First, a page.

Clairol helped women keep their hair color under wraps. But how can chemistry help you with your hair?

Publications International, Ltd.

Chemistry has everything to do with whether your hair is straight or curly; blond, red, or brown; easily shaped into your favorite style; or a difficult-to-manage unruly mop. In fact, a chemist probably can provide as much—if not more—insight as your hair stylist on what makes the difference between a bad hair day and a good hair day.

Given the time and money most of us lavish upon our crowning glory, it's hard to believe that hair is merely dead skin. As skin cells in a cell layer known as the hair matrix die, they produce a tough protein called keratin. The pressure of new cells packs the dead cells and keratin together and pushes them to the surface of the scalp, where they emerge as strands of hair.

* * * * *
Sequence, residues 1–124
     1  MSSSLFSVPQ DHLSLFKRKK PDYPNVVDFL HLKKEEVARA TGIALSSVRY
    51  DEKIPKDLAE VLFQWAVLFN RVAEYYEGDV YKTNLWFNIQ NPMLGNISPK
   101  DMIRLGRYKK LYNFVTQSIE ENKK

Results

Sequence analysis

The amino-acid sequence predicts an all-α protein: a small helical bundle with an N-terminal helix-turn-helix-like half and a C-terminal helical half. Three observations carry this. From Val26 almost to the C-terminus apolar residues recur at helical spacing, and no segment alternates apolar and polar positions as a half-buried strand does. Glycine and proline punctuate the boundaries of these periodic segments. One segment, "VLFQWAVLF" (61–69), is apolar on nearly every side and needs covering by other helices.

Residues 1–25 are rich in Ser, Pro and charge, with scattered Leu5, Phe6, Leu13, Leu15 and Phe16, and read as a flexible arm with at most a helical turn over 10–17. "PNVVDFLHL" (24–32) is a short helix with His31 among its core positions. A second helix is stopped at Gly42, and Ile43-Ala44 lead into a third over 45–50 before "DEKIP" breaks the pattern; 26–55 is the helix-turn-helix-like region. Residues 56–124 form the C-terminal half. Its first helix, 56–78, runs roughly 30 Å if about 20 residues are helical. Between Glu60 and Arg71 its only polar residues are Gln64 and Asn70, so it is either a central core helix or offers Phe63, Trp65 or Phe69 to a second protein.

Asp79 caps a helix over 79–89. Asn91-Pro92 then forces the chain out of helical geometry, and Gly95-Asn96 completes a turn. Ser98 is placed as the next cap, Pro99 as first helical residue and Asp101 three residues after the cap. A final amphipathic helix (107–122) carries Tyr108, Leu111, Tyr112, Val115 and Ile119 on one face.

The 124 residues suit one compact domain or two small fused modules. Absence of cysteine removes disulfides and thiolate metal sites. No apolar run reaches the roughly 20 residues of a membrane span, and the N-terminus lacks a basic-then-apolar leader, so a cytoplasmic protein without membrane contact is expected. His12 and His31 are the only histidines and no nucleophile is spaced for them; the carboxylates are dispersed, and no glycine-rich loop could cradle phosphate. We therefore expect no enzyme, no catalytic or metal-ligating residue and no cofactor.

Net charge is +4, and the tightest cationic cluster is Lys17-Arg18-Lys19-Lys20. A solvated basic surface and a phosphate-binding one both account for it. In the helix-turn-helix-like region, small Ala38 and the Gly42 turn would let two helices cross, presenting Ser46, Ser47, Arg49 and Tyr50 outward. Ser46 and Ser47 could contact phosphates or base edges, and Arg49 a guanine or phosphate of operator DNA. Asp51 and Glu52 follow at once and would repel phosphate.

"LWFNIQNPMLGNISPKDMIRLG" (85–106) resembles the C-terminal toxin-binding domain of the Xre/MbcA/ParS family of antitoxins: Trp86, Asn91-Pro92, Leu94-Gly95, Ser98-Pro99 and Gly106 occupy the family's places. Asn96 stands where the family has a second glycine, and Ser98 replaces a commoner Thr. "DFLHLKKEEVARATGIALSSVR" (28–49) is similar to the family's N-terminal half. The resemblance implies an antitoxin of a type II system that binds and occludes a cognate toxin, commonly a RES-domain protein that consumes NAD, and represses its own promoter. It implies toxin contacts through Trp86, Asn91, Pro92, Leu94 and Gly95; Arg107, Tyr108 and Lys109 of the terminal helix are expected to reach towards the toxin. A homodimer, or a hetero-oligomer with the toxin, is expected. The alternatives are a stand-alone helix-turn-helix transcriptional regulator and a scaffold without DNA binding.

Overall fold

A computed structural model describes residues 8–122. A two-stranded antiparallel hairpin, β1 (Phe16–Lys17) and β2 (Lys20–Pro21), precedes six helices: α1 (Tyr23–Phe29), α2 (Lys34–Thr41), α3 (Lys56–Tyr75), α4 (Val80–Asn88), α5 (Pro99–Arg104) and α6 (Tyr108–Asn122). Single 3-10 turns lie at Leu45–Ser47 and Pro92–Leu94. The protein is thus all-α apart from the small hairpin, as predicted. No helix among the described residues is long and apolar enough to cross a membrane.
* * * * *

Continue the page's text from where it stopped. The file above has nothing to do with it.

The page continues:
The average human head has between 100,000 and 150,000 strands of hair. From a chemist's viewpoint, that hair is virtually the same as bird feathers, horse hooves, cat claws, sheep's wool, and even snake scales—all of which are made primarily of keratin. Like all proteins, keratin is constructed from building blocks called amino acids. Much of keratin's strength is attributed to its high content of the amino acid cystine, which has particularly strong chemical bonds between sulfur atoms.